Service and Interference Protection. The Circulation NPRM seeks comment on whether Next Gen TV transmissions will raise any interference concerns for existing DTV operations or for any other services or devices that operate in the TV bands (including LPTVs and TV translators) or in adjacent bands. The Commission proposes to calculate Next Gen TV interference to DTV signals using the methodology and planning factors specified in OET Bulletin 69. In addition, because ATSC 3.0 signals contain multiple video streams each requiring a signal strength threshold, the agency proposes to require Next Gen TV broadcasters to provide at least one free stream comparable to a DTV signal to ensure viewers within the “DTV-equivalent” service area continue to receive programming service at the current DTV protection levels. Additionally, the Commission tentatively concludes there is no need for rules to consider potential interference between Next Gen TV transmissions and the 600 MHz Band service given that there are no impairments to 600 MHz Band wireless licenses projected to exist after the post-broadcast incentive auction transition period.

The Commission further proposes to update its rules regarding acceptable levels of interference resulting from a broadcaster’s application for new or modified facilities. Specifically, the Commission proposes that, for purposes of evaluating such applications, the Media Bureau should use the latest official U.S. Census statistics, as opposed to the 2000 census population data currently required by the rules.

In addition, the Commission proposes to authorize broadcast television stations to operate ATSC 3.0 Single Frequency Networks (SFN) under the agency’s existing Distributed Transmission Systems (DTS) rules. SFNs allow a broadcaster to use two or more transmission sites to broadcast an identical signal on the same RF channel, synchronized to manage self-interference. The Commission tentatively concludes that the rules established to authorize a DTS station generally are adequate to authorize an ATSC 3.0 SFN station, and as such an ATSC 3.0 SFN should be considered a DTS station for the purposes of its rules. The Commission further tentatively concludes that it is not necessary to adopt a specific synchronization standard in order to authorize an ATSC 3.0 SFN as long as the synchronization used to implement an SFN/DTS minimizes interference within the network and provides adequate service. In addition, the Commission tentatively finds that a DTS implementation that mixes ATSC 3.0 and ATSC 1.0 would not meet the requirement to be “synchronized” as specified in Section 73.626(a) of its rules because it would not minimize interference within the system.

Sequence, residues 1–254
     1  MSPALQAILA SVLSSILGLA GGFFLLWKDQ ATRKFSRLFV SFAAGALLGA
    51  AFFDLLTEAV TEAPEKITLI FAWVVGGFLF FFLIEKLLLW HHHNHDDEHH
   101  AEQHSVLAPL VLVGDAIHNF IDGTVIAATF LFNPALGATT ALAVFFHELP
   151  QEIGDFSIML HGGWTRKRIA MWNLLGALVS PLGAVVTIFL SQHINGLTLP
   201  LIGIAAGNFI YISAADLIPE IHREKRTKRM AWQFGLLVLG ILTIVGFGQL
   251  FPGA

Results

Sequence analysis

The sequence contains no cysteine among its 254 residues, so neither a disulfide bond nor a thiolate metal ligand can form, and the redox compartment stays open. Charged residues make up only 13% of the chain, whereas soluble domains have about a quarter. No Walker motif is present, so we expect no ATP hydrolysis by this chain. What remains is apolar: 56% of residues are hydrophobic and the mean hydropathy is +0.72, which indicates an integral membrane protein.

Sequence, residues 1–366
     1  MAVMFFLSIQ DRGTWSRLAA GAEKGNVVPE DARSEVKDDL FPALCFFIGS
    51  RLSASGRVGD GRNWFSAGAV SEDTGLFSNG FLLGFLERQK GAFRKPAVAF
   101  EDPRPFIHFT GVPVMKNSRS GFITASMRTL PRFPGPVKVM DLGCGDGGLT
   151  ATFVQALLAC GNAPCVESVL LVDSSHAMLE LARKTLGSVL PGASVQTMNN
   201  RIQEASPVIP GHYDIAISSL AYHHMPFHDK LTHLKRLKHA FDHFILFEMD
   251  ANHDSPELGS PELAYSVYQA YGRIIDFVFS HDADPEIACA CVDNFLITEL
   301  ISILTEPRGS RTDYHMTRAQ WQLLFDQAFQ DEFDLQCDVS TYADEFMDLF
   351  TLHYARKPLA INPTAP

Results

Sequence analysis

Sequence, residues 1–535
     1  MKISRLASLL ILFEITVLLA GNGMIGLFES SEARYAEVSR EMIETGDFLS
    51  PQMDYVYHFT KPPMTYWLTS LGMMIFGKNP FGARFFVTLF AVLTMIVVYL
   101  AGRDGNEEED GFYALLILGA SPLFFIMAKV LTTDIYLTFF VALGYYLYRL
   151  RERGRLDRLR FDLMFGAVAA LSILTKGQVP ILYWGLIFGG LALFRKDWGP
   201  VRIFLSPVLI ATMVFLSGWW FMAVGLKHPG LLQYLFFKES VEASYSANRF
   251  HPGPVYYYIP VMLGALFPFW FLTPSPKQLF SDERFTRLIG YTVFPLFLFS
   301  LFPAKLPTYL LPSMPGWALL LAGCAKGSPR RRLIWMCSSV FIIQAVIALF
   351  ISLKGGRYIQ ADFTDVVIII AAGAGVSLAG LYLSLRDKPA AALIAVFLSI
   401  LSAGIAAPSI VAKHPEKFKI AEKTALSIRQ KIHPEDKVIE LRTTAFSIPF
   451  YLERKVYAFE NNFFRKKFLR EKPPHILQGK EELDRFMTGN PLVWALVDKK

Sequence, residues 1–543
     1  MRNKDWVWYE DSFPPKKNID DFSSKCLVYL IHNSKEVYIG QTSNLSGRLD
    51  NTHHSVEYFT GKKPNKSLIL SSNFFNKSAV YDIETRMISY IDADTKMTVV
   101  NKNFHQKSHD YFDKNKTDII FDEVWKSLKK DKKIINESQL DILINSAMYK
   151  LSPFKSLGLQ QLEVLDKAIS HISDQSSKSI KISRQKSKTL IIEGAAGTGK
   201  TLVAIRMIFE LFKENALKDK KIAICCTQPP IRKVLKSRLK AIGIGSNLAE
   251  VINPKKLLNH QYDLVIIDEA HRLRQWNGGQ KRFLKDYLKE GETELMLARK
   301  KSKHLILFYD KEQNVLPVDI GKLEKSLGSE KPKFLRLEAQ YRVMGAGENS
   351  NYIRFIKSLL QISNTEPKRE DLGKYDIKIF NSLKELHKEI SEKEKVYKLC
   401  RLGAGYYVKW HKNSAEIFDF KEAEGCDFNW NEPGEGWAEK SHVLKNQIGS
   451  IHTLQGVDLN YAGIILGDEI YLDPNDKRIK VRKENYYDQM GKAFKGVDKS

With regard to the definition of television broadcasting, the Commission proposes that television stations transmitting both an ATSC 1.0 and an ATSC 3.0 signal are “television stations” engaged in “broadcasting” as those terms are defined in the Communications Act. Although the Commission does not propose to authorize broadcasters to transmit solely in ATSC 3.0 at this time, it tentatively concludes that stations transmitting only an ATSC 3.0 signal would be “television stations” engaged in “broadcasting” under the Act.

Public Interest Obligations, Transition and Consumer Issues. The Commission proposes that television stations transmitting signals in ATSC 3.0 be subject to the public interest obligations currently applicable to television broadcasters. The Commission seeks comment on its tentative conclusion that it is unnecessary at this time to adopt an ATSC 3.0 tuner mandate for new television receivers. In addition, the Commission seeks comment on whether broadcasters should be required to provide on-air notifications to educate consumers about their transition to Next Gen TV service and on how to ensure that deployment of Next Gen TV-based transmissions will not negatively impact the post-incentive auction transition process.